Further support for this theory comes from Goldman Sachs who claims that corporations have been the biggest class of buyer of equities since 2010 easily surpassing ETF’s, foreign investors, mutual funds, households and pension funds.
There is currently nothing that leads us to believe that corporations will stop buying their shares back, and if anything the recent tax reform further supports this trend. While buybacks currently show no signs of slowing, the recent increase in interest rates may make buybacks more difficult to conduct as debt has been a main source of funds for buybacks as shown below. Furthermore, higher interest rates may cause the credit rating agencies to downgrade companies who have accumulated large debt loads which would add to the cost of issuing debt and make buybacks more challenging. While this pillar of the bull market is still standing tall, it is worth following.
Since the lows of 2009, BTFD or “buy-the-dip” has gone from a catchy acronym to a most trusted investment strategy. Those that have followed this advice and bought when the market has shown temporary weakness are batting 1,000%.
When individuals, financial institutions, corporations, and even some central banks have a “can’t lose” strategy, sustainable market support is generated. The initially tentative investor response of BTFD has become emboldened over time and eventually turned in to a muscle memory-like reaction.
We believe it will take a series of market dips followed by rallies that do not quite get back to recent highs to erode confidence in the BTFD strategy. A period of such price action, sequential lower highs and lower lows, will cause “easy” profits to turn in to losses. As doubt and anxiety rise with losses mounting, it will challenge investor beliefs and with it remove critical support underlying the bull market.
Beginning in late January, the S&P 500 fell about ten percent and subsequently recovered about 75% of it. If the equity market fails to reclaim the January highs, then this would begin to look like a textbook technical topping formation. It is not unusual for a topping process to develop at a time of extreme optimism as is currently being experienced.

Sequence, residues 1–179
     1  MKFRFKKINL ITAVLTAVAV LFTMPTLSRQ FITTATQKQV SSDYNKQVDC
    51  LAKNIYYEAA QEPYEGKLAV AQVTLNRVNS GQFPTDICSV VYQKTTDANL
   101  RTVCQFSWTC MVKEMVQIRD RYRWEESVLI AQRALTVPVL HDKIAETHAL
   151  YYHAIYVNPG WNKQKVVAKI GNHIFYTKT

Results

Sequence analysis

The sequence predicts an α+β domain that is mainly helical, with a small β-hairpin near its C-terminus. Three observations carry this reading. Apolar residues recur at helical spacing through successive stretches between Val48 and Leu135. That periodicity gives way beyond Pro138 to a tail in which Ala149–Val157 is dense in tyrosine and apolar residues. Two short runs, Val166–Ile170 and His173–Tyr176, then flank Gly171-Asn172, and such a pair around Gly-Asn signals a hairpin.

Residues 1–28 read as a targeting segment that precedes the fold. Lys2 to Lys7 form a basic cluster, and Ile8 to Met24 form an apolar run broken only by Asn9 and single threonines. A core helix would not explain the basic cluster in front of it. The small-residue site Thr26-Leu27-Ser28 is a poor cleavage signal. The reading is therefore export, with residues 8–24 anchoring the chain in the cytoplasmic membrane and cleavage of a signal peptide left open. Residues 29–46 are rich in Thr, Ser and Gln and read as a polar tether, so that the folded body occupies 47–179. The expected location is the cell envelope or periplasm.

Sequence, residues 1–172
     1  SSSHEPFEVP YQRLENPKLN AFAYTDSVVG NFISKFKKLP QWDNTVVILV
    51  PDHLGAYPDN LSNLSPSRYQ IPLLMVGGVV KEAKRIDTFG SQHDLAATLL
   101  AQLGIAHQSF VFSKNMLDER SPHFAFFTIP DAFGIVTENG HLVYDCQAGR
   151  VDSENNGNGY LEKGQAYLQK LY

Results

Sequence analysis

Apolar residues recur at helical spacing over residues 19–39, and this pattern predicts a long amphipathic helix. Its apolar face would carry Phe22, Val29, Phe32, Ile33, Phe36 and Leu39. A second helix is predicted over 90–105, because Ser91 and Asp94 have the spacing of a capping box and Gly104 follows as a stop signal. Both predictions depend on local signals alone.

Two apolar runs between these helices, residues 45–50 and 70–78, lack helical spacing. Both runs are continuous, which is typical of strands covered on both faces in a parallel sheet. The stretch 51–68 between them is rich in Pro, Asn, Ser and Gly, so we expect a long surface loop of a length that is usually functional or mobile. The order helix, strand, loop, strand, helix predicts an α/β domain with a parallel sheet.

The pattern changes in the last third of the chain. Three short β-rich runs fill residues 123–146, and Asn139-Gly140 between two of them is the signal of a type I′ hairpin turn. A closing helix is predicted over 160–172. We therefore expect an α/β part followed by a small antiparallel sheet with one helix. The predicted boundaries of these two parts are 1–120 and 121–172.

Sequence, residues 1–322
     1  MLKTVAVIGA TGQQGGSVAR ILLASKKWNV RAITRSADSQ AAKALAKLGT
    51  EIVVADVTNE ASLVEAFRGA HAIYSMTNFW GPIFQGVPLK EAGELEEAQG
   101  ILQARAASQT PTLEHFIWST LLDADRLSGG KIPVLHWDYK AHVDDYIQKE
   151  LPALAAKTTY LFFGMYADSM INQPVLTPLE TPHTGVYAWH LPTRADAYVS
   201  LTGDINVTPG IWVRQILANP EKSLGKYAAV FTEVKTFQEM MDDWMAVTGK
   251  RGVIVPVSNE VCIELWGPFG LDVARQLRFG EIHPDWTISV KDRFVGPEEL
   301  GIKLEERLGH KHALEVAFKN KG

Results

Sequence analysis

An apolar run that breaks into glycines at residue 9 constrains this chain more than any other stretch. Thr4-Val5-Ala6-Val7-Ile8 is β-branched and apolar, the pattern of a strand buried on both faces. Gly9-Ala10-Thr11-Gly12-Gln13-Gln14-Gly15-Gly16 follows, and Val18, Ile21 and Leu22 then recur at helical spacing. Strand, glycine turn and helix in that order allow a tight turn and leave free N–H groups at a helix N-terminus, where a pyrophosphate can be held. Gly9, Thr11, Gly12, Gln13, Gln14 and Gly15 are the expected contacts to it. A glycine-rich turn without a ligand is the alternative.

If, however, the market pushes to record highs, the BTFD’ers will have again been rewarded. Investor confidence reinforced, and the timeline for a major correction would be extended into the future.
When BTFD fails, we suspect investors will slowly gravitate to an STFR (Sell the Rally) mentality. Contrary to BTFD, they will sell or establish short positions when the market rallies. That transition, however, will only occur after much pain has been felt by those whose optimism gradually gives way to the reality of having incurred a series of losses.
Despite fundamental warnings and the collapse of the short volatility trade, we must give the bull market trend and its two remaining key pillars the benefit of the doubt. We believe it is reasonable to maintain long positions but only while remaining cautious and nimble. Watch closely for signs of lower highs and lower lows as well as indications that buybacks may be slowing down.
This bull market, like all others that have preceded it, will eventually fail and years of gains will be erased. Those focused on building wealth will once again face tough choices. Do you continue to trust in the crumbling pillars of the bull market or do you exhibit prudence and protect what you have and wait for the future when prices are much lower and valuations far more reasonable?
We leave you with a few words from Lance Roberts
“The Fed has not put an “end” to bear markets. In fact, they have likely only succeeded in ensuring the next bear market will be larger than the last.”